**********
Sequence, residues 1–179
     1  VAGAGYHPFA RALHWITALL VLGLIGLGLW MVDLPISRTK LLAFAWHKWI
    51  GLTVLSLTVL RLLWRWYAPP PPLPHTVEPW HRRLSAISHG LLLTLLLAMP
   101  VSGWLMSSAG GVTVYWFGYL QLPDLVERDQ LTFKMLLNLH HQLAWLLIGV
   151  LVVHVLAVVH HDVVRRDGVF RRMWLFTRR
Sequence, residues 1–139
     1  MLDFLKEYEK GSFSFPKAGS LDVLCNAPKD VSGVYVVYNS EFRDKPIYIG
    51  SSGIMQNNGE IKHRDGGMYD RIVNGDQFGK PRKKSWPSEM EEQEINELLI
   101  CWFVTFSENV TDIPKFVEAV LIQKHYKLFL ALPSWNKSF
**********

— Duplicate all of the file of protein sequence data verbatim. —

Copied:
Sequence, residues 1–179
     1  VAGAGYHPFA RALHWITALL VLGLIGLGLW MVDLPISRTK LLAFAWHKWI
    51  GLTVLSLTVL RLLWRWYAPP PPLPHTVEPW HRRLSAISHG LLLTLLLAMP
   101  VSGWLMSSAG GVTVYWFGYL QLPDLVERDQ LTFKMLLNLH HQLAWLLIGV
   151  LVVHVLAVVH HDVVRRDGVF RRMWLFTRR
Sequence, residues 1–139
     1  MLDFLKEYEK GSFSFPKAGS LDVLCNAPKD VSGVYVVYNS EFRDKPIYIG
    51  SSGIMQNNGE IKHRDGGMYD RIVNGDQFGK PRKKSWPSEM EEQEINELLI
   101  CWFVTFSENV TDIPKFVEAV LIQKHYKLFL ALPSWNKSF